Greetings Moonbow Friends!
The Essential Rolodex has a new entry!
I am currently all geared up and ready to share about one of my favorite citrus oils – Bergamot. Literally, as I write this, I have my bergamot roller bottle at my side and I just brewed a cup of my favorite afternoon tea, Earl Grey. Add to it, that my desk has little gems of joy that spark my inner smile and boost my spirit (see pic), which is how Bergamot also ignites one’s quality of mood. Bergamot (citrus bergamia) is natively from the Calabria region of Italy, although some research places its origin in Greece. Either way, what Italian or Greek horticulturists will agree on is that Bergamot is a delicate citrus plant and requires special climate and soil to thrive. The rind or peel is cold pressed to create the essential oil, which can be used therapeutically and is also blended with black tea to create the infamous, aromatic Earl Grey tea.
Bergamot’s citrusy aroma may offer up a bit of mystery… does it resemble lemon, lime, orange? In my studies of bergamot, some research suggests it is a hybrid of sour orange and lemon, while others consider it a mix of sweet lime and bitter orange. I find the aroma to be unique in its own right, with a delightful hint towards lemon-lime. Beyond Bergamot’s awesome aroma are the plethora of potential health benefits, thanks to its primary chemical constituents: Limonene, Linalyl acetate, and Linalool. These bioactive friends provide cleansing and purifying benefits for body, mind, and mood. Consider using Bergamot to help soothe and rejuvenate the skin, reduce feelings of stress, settle a cranky tummy, and/or relieve occasional coughing.
What’s Art got to do with it?
Bergamot is considered the Oil of Self-Acceptance and when we look at the dilemma of the aroma (is it like lemon, lime, or orange), the concept of acceptance is a seed of wisdom. Bergamot is inspired by other citrus plants, yet it stands alone in its quality of aroma, health benefits, and physical uniqueness – did I mention yet that Bergamot is a lumpy, bumpy, funky little citrus? Don’t judge a citrus by its peel – it’s what’s inside and the essence that matters!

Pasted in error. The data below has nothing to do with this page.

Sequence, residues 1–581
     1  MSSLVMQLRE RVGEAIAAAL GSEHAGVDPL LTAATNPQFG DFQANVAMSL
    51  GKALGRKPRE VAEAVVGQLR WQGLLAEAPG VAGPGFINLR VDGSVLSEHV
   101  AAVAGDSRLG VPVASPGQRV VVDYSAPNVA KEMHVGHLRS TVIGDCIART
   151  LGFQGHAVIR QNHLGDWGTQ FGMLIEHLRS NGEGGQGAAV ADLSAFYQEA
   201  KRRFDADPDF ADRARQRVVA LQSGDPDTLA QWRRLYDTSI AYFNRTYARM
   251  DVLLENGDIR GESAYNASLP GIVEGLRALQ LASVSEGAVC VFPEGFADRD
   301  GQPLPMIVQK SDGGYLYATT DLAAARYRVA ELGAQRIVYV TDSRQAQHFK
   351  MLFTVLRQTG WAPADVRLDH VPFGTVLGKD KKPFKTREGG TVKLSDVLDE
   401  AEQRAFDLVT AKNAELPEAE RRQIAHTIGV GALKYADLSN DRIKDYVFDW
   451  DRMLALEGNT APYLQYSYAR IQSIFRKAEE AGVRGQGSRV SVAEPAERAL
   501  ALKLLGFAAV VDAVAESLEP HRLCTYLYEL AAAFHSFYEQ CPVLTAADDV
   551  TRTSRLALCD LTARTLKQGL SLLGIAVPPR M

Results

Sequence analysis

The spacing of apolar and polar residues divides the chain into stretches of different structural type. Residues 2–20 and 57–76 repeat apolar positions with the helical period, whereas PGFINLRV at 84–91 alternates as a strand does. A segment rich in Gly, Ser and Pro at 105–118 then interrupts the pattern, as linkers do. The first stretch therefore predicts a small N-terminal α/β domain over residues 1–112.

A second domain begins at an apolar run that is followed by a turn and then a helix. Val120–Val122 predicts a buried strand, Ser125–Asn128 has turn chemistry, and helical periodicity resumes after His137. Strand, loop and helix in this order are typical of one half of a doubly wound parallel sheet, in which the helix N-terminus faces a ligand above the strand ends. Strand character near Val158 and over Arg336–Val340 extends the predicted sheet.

Whenever I take notes, I use a lot of shorthand – and going back through my journals, I have to accept that my chicken scratch is not that legible and do my best to make sense of my lumpy, bumpy, funky written jumble. What does this have to do with Bergamot? I’m getting there…. While reviewing my Bergamot notes, I often found “Berg” as my shorthand for the beautiful citrus. One afternoon, while reading about the emotional healing related to bergamot, I was pulled back in time to high school, remembering my art teacher, Mr. Ernie Berg. In high school, I often felt lost in the flow of the traditional education system, which brewed limiting beliefs rich in self-judgement and low mood states. Thankfully, there were electives in high school and I had the opportunity to take classes, such as Stained Glass and Ceramics with Mr. Berg. As a teacher, he never micromanaged our art projects, rather he demonstrated technique, and then “held space” for students to unravel their own creativity through clay, glaze, glass, solder, and band aids (working in glass means cuts on the fingers). While participating in art classes, an energy within me was awakened and redirected my self-judgement towards self-acceptance. Creating art (sometimes clay-fully lumpy, bumpy, and funky) uplifted me and gave me hope that I could successfully be and do something different. Bergamot is like that, too. It’s not an orange or a lime or a lemon – it’s Bergamot! Its delightful aroma can also awaken the voice inside that wants to say, “I am unique and enough, just as I am right here and now. I have the skills and wisdom to meet this moment with creativity, confidence and grace.”
In moments of confusion, darkness, and self-doubt, diffuse Bergamot to draw a new landscape, shape a new thought, craft a new perspective… or better yet, use Bergamot to remember the kindest self-belief - the one that too often can get pressed down, erased, or shaded over by limiting beliefs. Remember that you are and always have been worthy of acceptance and joy.
Bergamot can be used Aromatically, Internally, and Topically. Due to high-rate of photosensitivity – make sure to use it where the sun don’t shine (under your clothes, on the soles of your feet). Possible skin sensitivity, dilute with fractionated coconut oil, lotion, or other carrier oil (ie: avocado, olive, sesame, jojoba). When using topically, always remember LESS IS MORE. Start with 1 drop diluted in about 1 tablespoon of carrier oil or fragrance free lotion.
Master some note-taking chicken-scratch and check out these studies that include Bergamot:
Please note: doTerra products are not intended to diagnose, treat, cure or prevent any disease. Some essential oils may be contraindicated based on your unique needs related to your current health. Heidi is not a doctor, so she encourages you to share your use of essential oils with your primary care provider so you may get the most comprehensive well-care.